Development of CESM2

The development of the Community Earth System Model (CESM) is an ongoing enterprise, with new model versions assembled and released at approximately five to seven year intervals. CESM1 was released in June 2010, CESM2 will be publically released in late 2017 or early 2018 and CESM3 is expected to be released in approximately 7 years. Continued development is enabled by new scientific understanding and new research areas combined with increasing computational capability and capacity. The development of CESM2 represents the culmination of an on-going effort spanning the last 3-4 years, and is bringing together major new versions of all components but the ocean (Figure 1).

Figure 1: CESM2 Configuration
Figure 1: CESM2 configuration with all active components.

In the process of developing the Community Atmosphere Model (CAM) version 6, it was deemed important that the choice between two available cloud representations (CLUBB and UNICON) was documented as well as possible. For that purpose, a panel of internal and external scientists was put in place, and specific simulations were requested to enable a comprehensive evaluation. The results of the panel evaluation (the complete documentation is available here) was the selection of CLUBB, although UNICON will be included in the CESM2 release, as an unsupported option.

In order to provide the community with a scientifically-supported released version (see here for more details), an extensive model evaluation (with a focus on the behavior of the coupled model under constant 1850 forcings), has been undertaken. This was performed with the workhorse version of the atmosphere and ocean at 1° resolution. In particular, in the process of developing CESM2, an emphasis was placed on performing coupled simulations to test the model. The choice of a 1° resolution was dictated by the preference for focusing our model development on new physics and bias reduction instead of resolution increase. While the model is not fully finalized, it is clear that many aspects of the model are significant improvements over CESM1. In particular, the land model evaluation is showing improvements over many observationally-based metrics (Figure 2).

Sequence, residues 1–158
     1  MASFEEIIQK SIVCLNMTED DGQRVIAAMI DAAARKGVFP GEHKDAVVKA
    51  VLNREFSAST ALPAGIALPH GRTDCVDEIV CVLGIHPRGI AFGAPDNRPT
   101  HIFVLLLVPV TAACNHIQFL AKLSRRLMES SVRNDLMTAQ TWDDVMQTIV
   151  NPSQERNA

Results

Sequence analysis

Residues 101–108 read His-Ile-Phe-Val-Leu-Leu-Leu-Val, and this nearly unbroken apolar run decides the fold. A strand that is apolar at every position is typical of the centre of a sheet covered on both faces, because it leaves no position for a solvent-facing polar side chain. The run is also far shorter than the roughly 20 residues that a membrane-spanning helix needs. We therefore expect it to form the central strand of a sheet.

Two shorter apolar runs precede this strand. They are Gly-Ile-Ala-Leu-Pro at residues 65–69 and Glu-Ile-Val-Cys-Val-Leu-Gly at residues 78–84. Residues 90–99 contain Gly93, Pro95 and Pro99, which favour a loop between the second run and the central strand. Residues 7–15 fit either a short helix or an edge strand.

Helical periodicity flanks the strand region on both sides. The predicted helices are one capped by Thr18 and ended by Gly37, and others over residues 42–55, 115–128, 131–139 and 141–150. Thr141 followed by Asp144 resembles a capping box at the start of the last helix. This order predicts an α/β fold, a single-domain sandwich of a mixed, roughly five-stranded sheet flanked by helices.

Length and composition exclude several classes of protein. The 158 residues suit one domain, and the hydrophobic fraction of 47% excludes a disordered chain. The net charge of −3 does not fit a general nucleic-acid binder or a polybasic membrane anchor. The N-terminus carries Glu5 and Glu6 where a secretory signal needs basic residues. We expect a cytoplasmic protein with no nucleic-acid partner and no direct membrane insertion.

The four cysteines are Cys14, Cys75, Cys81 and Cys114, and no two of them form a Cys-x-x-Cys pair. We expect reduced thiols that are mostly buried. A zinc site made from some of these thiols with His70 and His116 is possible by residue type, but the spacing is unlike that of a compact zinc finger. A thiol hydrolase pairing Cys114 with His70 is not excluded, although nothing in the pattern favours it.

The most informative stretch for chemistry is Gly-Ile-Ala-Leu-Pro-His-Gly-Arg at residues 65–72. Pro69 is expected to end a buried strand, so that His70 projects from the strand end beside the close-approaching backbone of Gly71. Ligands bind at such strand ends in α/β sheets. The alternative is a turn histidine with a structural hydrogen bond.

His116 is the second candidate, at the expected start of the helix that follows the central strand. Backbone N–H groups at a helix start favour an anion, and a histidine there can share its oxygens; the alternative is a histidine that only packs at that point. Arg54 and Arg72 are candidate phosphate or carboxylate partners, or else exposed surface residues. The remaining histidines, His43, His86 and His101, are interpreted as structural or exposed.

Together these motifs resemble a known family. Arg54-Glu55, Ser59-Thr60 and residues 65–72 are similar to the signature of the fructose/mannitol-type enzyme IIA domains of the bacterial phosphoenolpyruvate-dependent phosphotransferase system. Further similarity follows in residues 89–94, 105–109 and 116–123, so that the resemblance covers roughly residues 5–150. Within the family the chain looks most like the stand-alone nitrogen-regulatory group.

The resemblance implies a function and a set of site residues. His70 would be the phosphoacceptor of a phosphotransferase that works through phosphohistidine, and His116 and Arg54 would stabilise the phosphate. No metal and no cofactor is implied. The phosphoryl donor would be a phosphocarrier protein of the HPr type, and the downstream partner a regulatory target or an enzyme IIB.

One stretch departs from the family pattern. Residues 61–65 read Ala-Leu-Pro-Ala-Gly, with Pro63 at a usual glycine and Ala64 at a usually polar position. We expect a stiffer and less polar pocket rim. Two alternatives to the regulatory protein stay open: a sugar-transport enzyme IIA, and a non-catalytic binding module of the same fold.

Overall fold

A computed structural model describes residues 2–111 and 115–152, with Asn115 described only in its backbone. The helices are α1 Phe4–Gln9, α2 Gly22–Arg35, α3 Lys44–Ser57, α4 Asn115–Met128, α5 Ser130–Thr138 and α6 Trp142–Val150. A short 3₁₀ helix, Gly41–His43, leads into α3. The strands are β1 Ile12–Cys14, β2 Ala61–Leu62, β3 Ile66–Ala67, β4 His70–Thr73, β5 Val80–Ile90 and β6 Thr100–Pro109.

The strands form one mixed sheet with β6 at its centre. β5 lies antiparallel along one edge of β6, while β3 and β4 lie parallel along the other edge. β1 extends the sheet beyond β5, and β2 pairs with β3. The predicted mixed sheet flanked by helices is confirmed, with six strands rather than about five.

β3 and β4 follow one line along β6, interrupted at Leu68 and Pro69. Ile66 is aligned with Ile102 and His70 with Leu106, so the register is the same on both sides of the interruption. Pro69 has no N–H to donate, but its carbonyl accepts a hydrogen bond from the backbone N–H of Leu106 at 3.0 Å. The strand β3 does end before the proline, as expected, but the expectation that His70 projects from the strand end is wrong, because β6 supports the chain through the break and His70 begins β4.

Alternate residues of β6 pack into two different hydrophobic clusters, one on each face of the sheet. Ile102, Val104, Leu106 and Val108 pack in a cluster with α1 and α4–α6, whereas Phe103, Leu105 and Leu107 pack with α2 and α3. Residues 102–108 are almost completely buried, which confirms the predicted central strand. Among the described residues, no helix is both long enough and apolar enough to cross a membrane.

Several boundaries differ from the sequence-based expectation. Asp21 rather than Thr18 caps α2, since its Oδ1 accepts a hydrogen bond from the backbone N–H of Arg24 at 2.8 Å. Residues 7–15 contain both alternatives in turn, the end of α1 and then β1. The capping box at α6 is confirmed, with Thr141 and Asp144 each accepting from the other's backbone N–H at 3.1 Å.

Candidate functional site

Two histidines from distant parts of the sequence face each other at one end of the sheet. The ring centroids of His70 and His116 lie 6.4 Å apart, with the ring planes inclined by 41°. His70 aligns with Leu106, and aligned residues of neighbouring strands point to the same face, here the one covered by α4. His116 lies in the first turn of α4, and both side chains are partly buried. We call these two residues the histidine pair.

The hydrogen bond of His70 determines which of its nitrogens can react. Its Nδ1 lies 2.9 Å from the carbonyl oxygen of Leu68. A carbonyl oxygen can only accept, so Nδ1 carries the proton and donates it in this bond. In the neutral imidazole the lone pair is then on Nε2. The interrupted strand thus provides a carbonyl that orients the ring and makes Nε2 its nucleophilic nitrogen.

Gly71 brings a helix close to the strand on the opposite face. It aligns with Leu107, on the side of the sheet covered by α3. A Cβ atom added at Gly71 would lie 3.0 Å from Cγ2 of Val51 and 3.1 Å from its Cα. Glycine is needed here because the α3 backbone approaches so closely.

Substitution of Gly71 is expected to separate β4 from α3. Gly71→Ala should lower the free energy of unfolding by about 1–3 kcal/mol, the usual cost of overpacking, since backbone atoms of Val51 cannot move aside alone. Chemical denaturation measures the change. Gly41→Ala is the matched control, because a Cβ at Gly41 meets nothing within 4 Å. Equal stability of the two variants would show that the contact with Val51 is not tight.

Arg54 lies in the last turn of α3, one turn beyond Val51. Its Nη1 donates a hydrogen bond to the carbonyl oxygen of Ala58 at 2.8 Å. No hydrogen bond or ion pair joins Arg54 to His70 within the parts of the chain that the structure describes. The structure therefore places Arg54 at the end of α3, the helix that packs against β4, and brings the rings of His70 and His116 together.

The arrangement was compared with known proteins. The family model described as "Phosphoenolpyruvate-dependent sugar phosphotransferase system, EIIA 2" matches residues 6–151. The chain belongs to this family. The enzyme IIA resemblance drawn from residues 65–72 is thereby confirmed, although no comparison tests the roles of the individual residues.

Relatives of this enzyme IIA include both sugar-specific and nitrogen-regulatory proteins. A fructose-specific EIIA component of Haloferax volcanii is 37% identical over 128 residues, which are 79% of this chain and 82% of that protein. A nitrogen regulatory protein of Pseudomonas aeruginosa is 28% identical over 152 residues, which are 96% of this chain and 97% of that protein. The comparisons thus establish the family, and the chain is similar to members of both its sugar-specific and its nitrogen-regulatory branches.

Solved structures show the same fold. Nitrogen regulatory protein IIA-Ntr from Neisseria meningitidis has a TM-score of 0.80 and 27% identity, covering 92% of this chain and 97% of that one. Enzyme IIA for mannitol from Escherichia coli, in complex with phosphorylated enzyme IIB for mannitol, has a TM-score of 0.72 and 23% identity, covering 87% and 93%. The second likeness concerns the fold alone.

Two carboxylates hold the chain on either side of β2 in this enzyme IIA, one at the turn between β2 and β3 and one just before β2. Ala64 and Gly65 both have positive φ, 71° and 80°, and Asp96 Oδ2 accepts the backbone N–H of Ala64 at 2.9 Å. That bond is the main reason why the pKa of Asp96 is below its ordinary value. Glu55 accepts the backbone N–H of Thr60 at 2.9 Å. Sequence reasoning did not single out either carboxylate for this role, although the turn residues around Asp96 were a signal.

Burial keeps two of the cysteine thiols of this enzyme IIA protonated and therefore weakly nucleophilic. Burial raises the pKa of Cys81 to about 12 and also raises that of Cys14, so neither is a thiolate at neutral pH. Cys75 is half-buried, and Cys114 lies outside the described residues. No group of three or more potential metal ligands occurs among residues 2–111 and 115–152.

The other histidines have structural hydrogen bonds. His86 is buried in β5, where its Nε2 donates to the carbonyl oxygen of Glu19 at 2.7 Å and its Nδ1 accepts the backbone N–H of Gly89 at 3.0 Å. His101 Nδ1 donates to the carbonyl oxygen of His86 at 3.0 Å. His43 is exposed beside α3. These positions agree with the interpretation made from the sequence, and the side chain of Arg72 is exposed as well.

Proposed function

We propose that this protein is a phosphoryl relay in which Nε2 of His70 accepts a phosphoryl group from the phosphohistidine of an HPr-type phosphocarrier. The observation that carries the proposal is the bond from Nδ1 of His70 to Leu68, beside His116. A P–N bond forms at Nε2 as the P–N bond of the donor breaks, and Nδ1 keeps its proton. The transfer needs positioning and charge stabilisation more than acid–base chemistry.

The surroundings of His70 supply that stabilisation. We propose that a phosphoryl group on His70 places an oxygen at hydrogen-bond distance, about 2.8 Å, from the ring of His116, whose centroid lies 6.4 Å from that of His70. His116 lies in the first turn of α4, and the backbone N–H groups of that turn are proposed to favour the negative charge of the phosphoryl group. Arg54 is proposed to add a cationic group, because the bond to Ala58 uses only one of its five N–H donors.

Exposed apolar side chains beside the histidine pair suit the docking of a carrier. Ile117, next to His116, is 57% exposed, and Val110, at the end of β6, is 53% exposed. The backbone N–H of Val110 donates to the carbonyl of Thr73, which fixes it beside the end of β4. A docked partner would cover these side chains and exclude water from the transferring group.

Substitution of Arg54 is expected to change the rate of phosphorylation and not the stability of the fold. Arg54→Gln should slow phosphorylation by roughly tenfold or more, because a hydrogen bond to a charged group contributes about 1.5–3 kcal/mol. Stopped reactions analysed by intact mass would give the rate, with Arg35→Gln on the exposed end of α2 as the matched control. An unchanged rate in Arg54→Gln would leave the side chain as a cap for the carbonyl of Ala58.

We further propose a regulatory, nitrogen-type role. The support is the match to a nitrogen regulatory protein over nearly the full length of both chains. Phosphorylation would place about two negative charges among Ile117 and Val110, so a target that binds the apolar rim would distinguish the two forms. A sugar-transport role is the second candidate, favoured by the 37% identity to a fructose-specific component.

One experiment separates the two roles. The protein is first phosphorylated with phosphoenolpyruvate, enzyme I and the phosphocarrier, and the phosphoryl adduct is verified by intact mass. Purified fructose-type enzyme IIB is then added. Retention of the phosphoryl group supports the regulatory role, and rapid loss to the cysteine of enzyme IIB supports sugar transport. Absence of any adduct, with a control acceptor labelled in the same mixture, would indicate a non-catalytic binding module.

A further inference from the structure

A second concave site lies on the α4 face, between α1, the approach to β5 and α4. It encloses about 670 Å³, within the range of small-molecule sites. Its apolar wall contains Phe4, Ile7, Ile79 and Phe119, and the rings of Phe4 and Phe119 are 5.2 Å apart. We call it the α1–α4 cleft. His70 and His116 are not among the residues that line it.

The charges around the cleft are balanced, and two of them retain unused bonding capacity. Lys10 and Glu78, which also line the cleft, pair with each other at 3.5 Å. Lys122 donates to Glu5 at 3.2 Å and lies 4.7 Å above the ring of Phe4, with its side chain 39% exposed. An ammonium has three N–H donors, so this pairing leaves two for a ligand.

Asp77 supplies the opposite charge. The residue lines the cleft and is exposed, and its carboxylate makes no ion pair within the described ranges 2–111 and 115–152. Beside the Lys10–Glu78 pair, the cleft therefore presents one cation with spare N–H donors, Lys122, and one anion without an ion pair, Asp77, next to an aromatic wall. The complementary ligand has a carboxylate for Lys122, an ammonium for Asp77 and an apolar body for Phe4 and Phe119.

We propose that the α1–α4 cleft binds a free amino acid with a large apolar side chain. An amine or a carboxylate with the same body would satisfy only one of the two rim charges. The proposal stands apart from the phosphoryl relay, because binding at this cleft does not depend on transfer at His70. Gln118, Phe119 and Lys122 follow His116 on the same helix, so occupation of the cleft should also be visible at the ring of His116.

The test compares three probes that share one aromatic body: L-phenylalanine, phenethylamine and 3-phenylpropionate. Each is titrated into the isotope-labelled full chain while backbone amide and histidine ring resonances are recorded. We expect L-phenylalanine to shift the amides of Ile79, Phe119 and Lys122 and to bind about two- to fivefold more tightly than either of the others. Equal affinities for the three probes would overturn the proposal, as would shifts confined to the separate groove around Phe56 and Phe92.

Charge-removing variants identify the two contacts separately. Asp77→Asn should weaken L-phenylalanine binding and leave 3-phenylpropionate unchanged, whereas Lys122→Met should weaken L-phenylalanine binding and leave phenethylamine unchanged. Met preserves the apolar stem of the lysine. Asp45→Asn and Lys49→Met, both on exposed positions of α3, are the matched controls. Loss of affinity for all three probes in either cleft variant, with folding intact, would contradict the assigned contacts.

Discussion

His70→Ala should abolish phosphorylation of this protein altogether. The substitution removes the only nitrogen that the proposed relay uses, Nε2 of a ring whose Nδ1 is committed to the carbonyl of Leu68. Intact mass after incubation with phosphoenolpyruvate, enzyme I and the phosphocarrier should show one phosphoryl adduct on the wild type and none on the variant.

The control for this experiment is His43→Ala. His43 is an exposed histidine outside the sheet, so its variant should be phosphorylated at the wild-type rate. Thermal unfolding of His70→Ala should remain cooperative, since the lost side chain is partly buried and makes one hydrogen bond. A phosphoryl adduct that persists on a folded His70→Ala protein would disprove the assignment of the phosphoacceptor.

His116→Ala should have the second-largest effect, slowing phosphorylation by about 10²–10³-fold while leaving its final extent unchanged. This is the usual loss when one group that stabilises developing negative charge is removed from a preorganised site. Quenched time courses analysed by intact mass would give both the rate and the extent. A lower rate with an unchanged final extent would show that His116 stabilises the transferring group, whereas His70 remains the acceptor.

Figure 2: Comparison of CLM results
Figure 2: Comparison of CLM results against a variety of observationally-based diagnostics, showing the improvements between CESM1 and CESM2.